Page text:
Part 3: Epigenetics and Cancer | Epigenetic Modification

Epigenetics and Cancer

Epigenetics and Cancer

New research is demonstrating that the etiology of cancer is complex. Epigenetic modifications of the genomes of cancer cells appear to be quite important. These are changes that do not necessarily reflect the exact DNA sequences within a cell, but alter, by various means, the expression of the underlying code. It is increasingly apparent that epigenetic modification may be as important as genetic mutation in the transformation of a normal cell to a cancer cell. This does not change the fact that many cancers are induced by infectious disease which itself can be considered an epigenetic variable. 

Such epigenetic mechanisms are being successfully defined. These include DNA methylation, arguably the most researched marker, by which the methylation profile can be linked to tumorigenesis as promoters of unlicensed cell reproduction. Alternatively, hypermethylated DNA zones can result in consequential gene silencing, which is considered itself to be a form of carcinogenic epigenetic mutation. It is also theorized that hypomethylation in parts of a genome can lead to chromosomal instability and the activation of transposable elements which can increase cancer risk or directly induce it. 

Recent studies have implicated an epigenetic signature that can predict whether a woman may develop breast cancer, even without those BRCA gene mutations that are typically considered a prime risk factor. An epigenetic signature in women with a mutated BRCA-1 gene has been linked to increased cancer risk and lower survival rates in a study conducted at the University College of London.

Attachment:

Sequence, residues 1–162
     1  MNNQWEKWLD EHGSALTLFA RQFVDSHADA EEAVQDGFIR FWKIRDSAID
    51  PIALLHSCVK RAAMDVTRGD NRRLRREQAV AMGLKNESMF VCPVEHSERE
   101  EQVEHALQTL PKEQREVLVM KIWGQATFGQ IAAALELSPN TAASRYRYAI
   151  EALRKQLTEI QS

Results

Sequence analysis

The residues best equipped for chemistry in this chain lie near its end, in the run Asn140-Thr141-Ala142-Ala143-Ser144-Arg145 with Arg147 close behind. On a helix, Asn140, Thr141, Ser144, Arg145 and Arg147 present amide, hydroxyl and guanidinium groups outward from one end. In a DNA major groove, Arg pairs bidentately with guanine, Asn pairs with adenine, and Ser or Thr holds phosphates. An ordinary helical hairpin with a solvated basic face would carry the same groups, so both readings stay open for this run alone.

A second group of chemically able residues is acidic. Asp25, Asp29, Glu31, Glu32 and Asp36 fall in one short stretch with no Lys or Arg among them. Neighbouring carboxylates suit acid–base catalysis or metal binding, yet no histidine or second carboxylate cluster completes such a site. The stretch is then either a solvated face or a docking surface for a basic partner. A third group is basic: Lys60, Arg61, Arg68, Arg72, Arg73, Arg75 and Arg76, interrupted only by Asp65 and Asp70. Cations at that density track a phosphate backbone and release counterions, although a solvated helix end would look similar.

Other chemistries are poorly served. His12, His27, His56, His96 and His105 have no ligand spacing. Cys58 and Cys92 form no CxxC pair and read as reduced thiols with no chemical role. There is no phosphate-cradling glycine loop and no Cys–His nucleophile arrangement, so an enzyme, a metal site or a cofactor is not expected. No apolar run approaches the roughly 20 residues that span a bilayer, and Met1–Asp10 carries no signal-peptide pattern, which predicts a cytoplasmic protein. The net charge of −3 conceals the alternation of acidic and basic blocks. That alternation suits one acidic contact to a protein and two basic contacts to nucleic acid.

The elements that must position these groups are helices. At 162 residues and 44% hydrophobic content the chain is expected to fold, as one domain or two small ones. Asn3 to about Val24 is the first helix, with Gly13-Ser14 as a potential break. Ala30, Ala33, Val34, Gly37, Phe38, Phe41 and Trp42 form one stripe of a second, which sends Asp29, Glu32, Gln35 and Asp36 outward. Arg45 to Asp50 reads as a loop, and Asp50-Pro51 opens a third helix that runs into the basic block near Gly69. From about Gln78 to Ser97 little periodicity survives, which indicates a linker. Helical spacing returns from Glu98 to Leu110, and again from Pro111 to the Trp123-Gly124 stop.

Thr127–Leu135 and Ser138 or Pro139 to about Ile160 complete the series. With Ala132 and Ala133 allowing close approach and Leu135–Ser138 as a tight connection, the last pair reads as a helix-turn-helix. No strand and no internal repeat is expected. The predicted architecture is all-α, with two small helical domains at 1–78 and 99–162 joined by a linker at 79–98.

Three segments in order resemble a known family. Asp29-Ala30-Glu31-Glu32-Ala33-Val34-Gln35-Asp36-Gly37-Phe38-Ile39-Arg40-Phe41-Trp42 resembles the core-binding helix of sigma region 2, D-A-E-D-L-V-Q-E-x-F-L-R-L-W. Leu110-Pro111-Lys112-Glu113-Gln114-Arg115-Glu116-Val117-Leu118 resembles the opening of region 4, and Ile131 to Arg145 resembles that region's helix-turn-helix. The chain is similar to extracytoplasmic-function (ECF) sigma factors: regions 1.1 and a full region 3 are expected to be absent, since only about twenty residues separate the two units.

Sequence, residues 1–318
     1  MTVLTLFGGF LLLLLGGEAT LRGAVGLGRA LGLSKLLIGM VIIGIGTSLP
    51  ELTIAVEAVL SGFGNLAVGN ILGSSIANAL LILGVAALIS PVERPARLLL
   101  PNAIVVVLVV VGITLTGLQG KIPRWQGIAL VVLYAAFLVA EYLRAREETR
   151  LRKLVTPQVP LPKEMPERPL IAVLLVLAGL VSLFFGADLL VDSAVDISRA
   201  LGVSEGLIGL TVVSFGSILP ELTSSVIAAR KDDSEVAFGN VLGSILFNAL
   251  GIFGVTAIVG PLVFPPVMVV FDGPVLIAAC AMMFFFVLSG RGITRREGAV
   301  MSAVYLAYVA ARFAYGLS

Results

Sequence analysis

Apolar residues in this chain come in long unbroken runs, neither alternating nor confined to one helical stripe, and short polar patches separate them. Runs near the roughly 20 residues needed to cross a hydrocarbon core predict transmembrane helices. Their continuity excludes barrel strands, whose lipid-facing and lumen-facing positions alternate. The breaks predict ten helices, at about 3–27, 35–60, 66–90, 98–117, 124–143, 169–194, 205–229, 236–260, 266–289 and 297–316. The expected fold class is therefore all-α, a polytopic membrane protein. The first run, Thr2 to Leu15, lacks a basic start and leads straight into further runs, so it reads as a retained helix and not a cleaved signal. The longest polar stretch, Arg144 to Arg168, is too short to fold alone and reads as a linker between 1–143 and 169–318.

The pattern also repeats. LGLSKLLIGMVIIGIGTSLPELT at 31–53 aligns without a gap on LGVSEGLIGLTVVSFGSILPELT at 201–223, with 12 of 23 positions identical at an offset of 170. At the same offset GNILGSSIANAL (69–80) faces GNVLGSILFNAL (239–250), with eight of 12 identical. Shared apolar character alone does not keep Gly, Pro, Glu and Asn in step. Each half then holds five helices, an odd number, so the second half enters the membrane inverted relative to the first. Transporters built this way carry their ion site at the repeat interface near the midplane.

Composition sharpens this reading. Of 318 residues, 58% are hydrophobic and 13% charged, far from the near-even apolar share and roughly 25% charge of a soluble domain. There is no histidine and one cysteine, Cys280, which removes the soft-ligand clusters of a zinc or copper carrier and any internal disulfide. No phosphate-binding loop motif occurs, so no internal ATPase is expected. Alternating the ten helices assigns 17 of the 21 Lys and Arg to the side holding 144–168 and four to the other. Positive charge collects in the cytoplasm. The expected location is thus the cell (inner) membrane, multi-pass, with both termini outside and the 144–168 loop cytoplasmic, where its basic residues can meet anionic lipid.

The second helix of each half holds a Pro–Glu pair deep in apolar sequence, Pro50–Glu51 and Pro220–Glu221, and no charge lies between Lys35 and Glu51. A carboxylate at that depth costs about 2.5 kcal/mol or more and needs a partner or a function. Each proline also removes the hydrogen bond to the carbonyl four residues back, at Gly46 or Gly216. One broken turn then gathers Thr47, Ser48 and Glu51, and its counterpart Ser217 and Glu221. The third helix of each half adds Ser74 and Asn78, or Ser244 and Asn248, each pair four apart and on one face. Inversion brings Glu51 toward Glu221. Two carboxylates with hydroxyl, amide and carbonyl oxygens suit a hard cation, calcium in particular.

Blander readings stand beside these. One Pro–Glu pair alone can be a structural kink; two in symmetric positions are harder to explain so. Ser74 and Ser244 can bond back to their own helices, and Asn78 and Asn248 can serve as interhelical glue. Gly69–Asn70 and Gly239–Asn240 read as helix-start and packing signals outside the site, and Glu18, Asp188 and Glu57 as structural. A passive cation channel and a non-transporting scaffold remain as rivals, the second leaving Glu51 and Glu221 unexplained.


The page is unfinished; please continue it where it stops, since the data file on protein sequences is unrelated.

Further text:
Interestingly, a new epigenetic therapy designed to treat cancer by regulating gene expression has been cleared for Phase I trials. A recent clinical trial of a small molecule inhibitor drug of a particular class of proteins helps to control gene expression. This epigenetic control mechanism has shown initial promise in the treatment of refractory carcinomas. As the researchers note, the success of this initial trial, albeit limited, points the way for other investigational epigenetic cancer therapies. Thus, our emerging understanding of epigenetics if offering profound clues to both the causes of cancer and its cure.